Transcript Slide 1

Plant Kingdom Notes
1. Characteristics of Plant Kingdom
A. Multicellular (Many-celled)
B. Eukaryotic (Has a Distinct Nucleus)
C. Autotroph (Makes its own food)
D. Cell wall made of cellulose (Good fiber for our diet)
2. Benefits of Plants
A. Oxygen
B. Food
C. Shelter
D. Paper
E. Medicine
F. Clothing
G. Fiber in our diet
H. Fossil Fuels
3. What plants need to survive:
A. Sunlight—plants have adaptations to
gather sunlight for photosynthesis
B. Water and minerals—all cells require
a constant supply of water. Minerals
are absorbed along with water.
C. Gas exchange—plants must exchange
gases (oxygen and carbon dioxide) to
perform photosynthesis
D. Movement of water and nutrients—
plants take up water and minerals
with their roots, but make food in
their leaves.
A. Roots—are used for:
a) Absorption of minerals by active
transport and water by osmosis.
b) Storage of starches
c) Anchor to ground
d) 2 main types of roots:
• taproot—grow long and deep to reach
water below the surface.
Ex. Carrots, radishes
• fibrous—branched root system that
grows close to the surface helps prevent
soil from being washed away by rain.
e) Plants can have taproots, fibrous roots or both.
B. Stems—are used for water transportation (vascular plants)
a) xylem—used to transport
water UP from roots
b) phloem—used to transport food
produced by photosynthesis
• Exceptions- nonvascular plants
• Mosses- no transportation system;
therefore, they are small and close to
the ground
•Stems produce leaves, branches and
C. Leaves
a) Absorb light and carry out photosynthesis
b) Photosynthetic Equation:
Light Energy
6CO2 + 6H2O
C6H12O6 + 6O2
c) Special structures
• Cuticle—waxy covering on surface to prevent water loss
• Stomata—opening in leaf to allow exchange of O2, CO2
and water vapor
• Guard cell—regulates opening of the stomata and
respond to conditions in the environment (wind,
temperature) to maintain homeostasis within leaf.
Cross Section of a Leaf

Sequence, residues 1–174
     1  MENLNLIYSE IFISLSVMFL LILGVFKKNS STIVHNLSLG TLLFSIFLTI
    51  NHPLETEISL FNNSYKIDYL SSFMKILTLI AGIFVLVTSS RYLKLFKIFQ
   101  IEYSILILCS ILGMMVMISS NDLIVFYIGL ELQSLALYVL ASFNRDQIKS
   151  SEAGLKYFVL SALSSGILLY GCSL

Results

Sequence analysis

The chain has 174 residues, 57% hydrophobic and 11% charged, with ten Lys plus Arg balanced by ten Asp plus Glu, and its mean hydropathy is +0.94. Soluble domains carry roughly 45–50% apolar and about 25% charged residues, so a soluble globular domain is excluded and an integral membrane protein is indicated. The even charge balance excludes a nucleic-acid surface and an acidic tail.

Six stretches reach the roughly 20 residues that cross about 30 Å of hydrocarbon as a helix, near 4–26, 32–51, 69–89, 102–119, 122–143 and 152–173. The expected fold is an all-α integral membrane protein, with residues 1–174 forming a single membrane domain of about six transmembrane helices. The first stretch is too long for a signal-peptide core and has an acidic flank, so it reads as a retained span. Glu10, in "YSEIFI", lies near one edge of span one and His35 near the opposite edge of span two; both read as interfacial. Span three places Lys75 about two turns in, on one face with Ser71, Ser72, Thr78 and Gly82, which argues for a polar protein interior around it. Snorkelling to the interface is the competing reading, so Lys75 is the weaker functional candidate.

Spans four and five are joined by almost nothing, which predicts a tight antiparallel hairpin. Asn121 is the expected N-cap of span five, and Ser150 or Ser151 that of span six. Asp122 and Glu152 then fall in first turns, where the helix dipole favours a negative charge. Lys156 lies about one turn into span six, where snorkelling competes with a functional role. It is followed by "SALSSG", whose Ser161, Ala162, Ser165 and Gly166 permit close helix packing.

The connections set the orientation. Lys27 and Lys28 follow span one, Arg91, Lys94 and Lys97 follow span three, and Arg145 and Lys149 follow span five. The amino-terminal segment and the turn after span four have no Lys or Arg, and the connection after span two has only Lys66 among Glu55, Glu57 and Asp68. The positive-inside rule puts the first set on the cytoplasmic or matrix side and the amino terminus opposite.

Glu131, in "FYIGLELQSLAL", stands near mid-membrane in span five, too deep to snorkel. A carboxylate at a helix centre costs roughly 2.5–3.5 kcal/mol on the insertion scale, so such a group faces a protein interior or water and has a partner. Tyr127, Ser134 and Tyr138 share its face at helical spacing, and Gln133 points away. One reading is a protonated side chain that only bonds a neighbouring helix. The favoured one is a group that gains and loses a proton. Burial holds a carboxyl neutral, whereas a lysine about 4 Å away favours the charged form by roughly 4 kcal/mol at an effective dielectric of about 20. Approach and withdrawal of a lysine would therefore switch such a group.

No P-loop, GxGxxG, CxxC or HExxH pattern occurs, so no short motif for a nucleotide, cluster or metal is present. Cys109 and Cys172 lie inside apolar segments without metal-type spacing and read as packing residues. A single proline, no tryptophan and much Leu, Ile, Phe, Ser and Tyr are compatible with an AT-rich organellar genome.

Transpiration – loss of water through stomata
•When water is abundant, it flows from roots to leaves and guard
cells respond by opening stomata to release excess water
•When water is scarce, guard cells respond by closing stomata to
limit transpiration
D. Reproduction
a) Flowers—contain the male and female sexual organs
b) Cones—sexual, male and female cones
c) Spores—asexual
E. Seed—fertilized egg
a) Fruit—mature ovary that contains one or more seeds
ex. Apples, grapes, cucumbers, tomatoes
5. Plant Responses to external factors—Tropisms
A. Gravitropism—response to gravity
Plants grow upwards out of the soil and
the roots grow down
B. Phototropism—response to light
Plants grow towards a light source
C. Thigmotropism—response to touch
Plants that close up when touched
Example: Climbing plants or vines that
twist around any object they touch
D. Photoperiodism – controls timing of
flowering and seasonal growth
• Plant hormones – chemical substances that
control cell division, development and
response to the environment.
Plant Adaptations for Survival and Reproduction
1. Adaptations—an inherited characteristic
that increases an organism’s
ability to survive and
A. How do adaptations occur?
a) Mutations—sudden changes in the
genetic code (DNA).
b) KEY POINT: Beneficial mutations
allow organisms the
ability to adapt and
therefore, survive and
2. Adaptations for Survival
A. Different environments:
a) Desert plants—able to tolerate strong winds, daytime heat,
and infrequent rainfall.
• Plants grow slowly
• Plants have a deep root system to gather
• Plants have thick stems to store large
amounts of water
• Plants have spines instead of large leaves
to limit transpiration
Example: Cactus
b) Arctic Tundra
• Plants are low growing and small due to lack of nutrients
B. Carnivorous Plants—have specialized features for
obtaining nutrition
a) Pitcher Plant
b) Venus Fly Trap
C. Defense Mechanisms
a) Poisons—lethal when eaten
b) Chemicals that act as insect hormones—disrupt
normal growth and development
c) Thorns/thistles—undesirable or hard to eat
D. Leaf Adaptations—needle-like versus broad leaf
a) needle like leaves – better at retaining moisture in dry (arid) climates.
b) Broad leaves – better at absorbing sunlight in shady areas.
3. Adaptations for Reproduction
A. Pollination—produces seeds by the transfer of pollen from
male reproductive structure to female
reproductive structure
a) Carried out by animals (mainly insects and birds) that carry
pollen from one flower to another
• Animals are attracted by bright colors, smell and nectar
b) Wind pollination—less efficient, relies on large numbers of
B. Seed Dispersal
a) Animal Dispersal
• Fruits—provide nutrition
for animals and helps plants
spread seeds
• Burrs—get snagged on fur;
carry seeds from one area to
b) Wind and Water Dispersal—
lightweight seeds carried in
the air or float on surface of